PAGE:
My watch list  

Environmentally friendly

Environmentally friendly, also referred to as nature friendly, is a term used to refer to goods and services considered to inflict minimal harm on the environment.[1] Due to the fact there is no existing international standard for this term, the International Standards Organization deemed it too vague to be meaningful.[2]



Environmentally friendly labels are used across the globe to promote products, however there is no international standard, and many different labels. There are three types of environmental labels. Type I is a label that is only achieved after the approval of a third party, Type II is a self-made claim, and Type III labels give information to the consumer about all products rather than selectively pick products that pass a standard.[3][4]

North America

In the United States, the phrase is commonly used for advertising or on packaging to promote a sale, but no Federal standard is required to display the labels, and thusly the United States Environmental Protection Agency has deemed them useless in determining whether a product is truly green.[2]

In Canada one label is that of the Environmental Choice Program.[5] Created in 1988,[6] only products approved by the program are allowed to display the label.[7]


Products located in members of the European Union can use the EU's Eco-label pending the EU's approval.[8] EMAS is another EU label[9] that signifies whether an organization management is green as opposed to the product.[10] Germany also uses the Blue Angel, based on Germany's standards.[5]


The Energy Rating Label is a Type III label[11][4] that provides information on "energy service per unit of energy consumption".[12] It was first created in 1986, but negotiations led to a redesign in 2000.[13]


Energy Star is a program with a primary goal of reducing greenhouse gas emissions.[14] Energy Star has different sections for different nations or areas, including the United States,[15] the European Union [16] and Australia.[17]


Pest control

Integrated pest management is regarded as a more environmentally friendly form of pest control than traditional pesticides,[18][19] as its goal is to reduce pesticide use to a minimum by using a variety of less impactive means, with pesticides only as the last resort. Biological pest control is another form of control considered by many experts to be environmentally friendly.[20]

Waste management

Recycling and composting are viewed as more environmentally friendly forms of waste management than traditional burying or burning practices.[21] The Edmonton Composting Facility in Edmonton, Alberta, Canada, in the largest composting facility in the world; representing 35% of Canada's centralized composting capacity.[22] The $100-million co-composter results in Edmonton recycling 65% of its residential waste.[22]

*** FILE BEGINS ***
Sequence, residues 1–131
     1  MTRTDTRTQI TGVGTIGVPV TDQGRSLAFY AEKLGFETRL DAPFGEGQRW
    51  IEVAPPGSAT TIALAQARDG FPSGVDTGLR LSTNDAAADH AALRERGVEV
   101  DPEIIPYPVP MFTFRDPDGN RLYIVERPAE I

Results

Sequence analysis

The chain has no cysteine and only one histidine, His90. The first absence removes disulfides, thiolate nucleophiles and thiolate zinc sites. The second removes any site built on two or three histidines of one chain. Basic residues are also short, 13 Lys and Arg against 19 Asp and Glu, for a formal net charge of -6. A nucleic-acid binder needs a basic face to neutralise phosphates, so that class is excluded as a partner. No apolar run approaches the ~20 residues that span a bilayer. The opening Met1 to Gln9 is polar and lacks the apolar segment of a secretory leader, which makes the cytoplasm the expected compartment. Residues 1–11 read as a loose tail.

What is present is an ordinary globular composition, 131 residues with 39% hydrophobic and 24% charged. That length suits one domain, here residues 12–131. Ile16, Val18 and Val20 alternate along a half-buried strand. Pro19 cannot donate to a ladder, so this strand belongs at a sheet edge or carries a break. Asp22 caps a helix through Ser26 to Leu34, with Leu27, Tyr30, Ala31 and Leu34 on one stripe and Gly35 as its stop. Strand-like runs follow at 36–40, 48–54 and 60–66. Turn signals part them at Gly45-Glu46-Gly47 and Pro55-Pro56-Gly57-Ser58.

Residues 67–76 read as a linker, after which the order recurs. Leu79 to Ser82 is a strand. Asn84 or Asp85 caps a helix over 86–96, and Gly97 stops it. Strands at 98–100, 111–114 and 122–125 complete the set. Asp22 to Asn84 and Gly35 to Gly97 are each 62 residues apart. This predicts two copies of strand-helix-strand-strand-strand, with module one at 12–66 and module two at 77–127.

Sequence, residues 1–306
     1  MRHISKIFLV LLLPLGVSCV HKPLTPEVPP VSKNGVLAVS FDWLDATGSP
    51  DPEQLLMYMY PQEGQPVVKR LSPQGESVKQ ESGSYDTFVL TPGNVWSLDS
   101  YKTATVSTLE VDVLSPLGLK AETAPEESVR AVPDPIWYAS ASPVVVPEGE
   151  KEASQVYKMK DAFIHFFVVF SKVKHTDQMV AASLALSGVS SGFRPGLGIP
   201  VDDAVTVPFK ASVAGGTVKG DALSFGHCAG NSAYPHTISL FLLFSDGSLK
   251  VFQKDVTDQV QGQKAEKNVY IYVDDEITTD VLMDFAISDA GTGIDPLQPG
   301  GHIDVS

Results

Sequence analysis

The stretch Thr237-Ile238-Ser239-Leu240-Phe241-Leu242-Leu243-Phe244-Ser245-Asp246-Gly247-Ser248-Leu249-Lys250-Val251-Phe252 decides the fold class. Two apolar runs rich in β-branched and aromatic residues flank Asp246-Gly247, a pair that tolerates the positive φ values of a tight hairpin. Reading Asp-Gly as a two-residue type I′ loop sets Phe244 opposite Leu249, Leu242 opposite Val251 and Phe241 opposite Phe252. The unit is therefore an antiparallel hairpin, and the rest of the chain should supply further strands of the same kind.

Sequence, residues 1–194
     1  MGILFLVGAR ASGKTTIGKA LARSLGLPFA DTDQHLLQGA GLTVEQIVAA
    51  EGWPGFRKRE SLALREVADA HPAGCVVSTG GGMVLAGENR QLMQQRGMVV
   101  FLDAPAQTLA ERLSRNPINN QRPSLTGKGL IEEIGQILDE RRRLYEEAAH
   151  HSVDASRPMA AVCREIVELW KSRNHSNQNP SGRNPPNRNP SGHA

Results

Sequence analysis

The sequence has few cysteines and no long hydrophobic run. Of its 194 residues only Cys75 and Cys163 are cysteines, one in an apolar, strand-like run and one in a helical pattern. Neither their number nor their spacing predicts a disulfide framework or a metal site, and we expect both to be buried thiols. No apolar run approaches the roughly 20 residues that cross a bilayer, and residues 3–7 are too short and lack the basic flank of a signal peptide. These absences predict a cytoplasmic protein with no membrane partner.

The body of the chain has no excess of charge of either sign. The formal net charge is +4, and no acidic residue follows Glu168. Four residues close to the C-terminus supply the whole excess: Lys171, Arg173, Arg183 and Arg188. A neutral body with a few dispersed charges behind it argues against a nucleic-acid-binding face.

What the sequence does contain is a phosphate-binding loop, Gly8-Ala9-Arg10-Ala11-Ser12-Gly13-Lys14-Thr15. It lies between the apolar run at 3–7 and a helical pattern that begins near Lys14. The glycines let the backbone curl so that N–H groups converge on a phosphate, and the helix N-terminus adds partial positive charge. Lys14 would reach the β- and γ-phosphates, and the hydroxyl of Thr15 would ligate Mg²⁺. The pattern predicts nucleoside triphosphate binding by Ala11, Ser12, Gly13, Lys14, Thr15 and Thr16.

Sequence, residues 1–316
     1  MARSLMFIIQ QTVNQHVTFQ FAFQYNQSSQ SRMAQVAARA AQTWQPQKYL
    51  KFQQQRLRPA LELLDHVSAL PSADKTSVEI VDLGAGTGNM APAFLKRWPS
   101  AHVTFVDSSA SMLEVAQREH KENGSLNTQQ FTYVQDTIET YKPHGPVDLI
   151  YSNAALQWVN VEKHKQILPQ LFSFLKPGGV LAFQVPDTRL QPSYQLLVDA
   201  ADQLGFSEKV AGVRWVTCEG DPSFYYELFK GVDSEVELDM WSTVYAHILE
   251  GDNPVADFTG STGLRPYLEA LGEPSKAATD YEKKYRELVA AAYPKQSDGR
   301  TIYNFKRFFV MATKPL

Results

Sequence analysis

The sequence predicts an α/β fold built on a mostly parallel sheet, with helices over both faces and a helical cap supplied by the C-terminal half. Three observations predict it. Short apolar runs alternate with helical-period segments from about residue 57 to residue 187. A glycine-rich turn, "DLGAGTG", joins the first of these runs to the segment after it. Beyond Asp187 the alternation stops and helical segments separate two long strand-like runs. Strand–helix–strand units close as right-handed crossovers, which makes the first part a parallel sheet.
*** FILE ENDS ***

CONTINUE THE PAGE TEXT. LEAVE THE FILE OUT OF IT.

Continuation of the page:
1. ^ "nature-friendly". Webster's New Millennium Dictionary of English, Preview Edition (v 0.9.7). Lexico Publishing Group, LLC.. 
  2. ^ a b Labels -environmentally friendly (HTML). ecolabels. Retrieved on 2007-07-09.
  3. ^ Type of environmental labeling (HTML). JEMAI. Retrieved on 2007-07-10.
  4. ^ a b Arnaud Bizard, Brett Lee, Karen Puterrman. "AWARE and Environmental Labeling Programs: One Step Closer to a Sustainable Economy" (PDF). ME 589 Retrieved on 2007-07-10.
  5. ^ a b Environmental Labels Type I (HTML). Ricoh. Retrieved on 2007-07-10.
  6. ^ About the Program (HTML). EcoLogo. Retrieved on 2007-07-10.
  7. ^ Environmental Choice (Canada) (HTML). Environment Canada. Retrieved on 2007-07-10.
  8. ^ Welcome to the European Union Eco-label Homepage (HTML). EUROPA. Retrieved on 2007-07-10.
  9. ^ EMAS (HTML). EUROPA. Retrieved on 2007-07-10.
  10. ^ Minutes (PDF). EUEB Coordination and Cooperation Management Group. Retrieved on 2007-07-10.
  11. ^ Overview of Regulatory Requirements - Labelling and MEPS (HTML). Energy Rating Label. Retrieved on 2007-07-10.
  12. ^ Overview of how are star ratings calculated? (HTML). Energy Rating Label. Retrieved on 2007-07-10.
  13. ^ The Energy Label (HTML). Energy Rating Label. Retrieved on 2007-07-10.
  14. ^ About Energy Star (HTML). Energy Star. Retrieved on 2007-07-10.
  15. ^ United States Energy Star Home Page (HTML). Energy Star. Retrieved on 2007-07-10.
  16. ^ EU Energy Star Home Page (HTML). Energy Star. Retrieved on 2007-07-10.
  17. ^ Australia Energy Star Home Page (HTML). Energy Star. Retrieved on 2007-07-10.
  18. ^ Integrated Pest Management (IPM) in Schools (HTML). EPA. Retrieved on 2007-07-09.
  19. ^ What is a Pesticide? (HTML). EPA. Retrieved on 2007-07-09.
  20. ^ August's Glossary- Biological control. RHS Online. Royal Horticultural Society. Retrieved on 2007-07-09.
  21. ^ Recycling (HTML). UNEP Production and Consumption Unit - Waste Management. Retrieved on 2007-07-09.
  22. ^ a b Waste Management Definitions (HTML). C&D. Retrieved on 2007-07-09.

schools can also help by putting notices up to encourage children

This article is licensed under the GNU Free Documentation License. It uses material from the Wikipedia article "Environmentally_friendly". A list of authors is available in Wikipedia.
Your browser is not current. Microsoft Internet Explorer 6.0 does not support some functions on Chemie.DE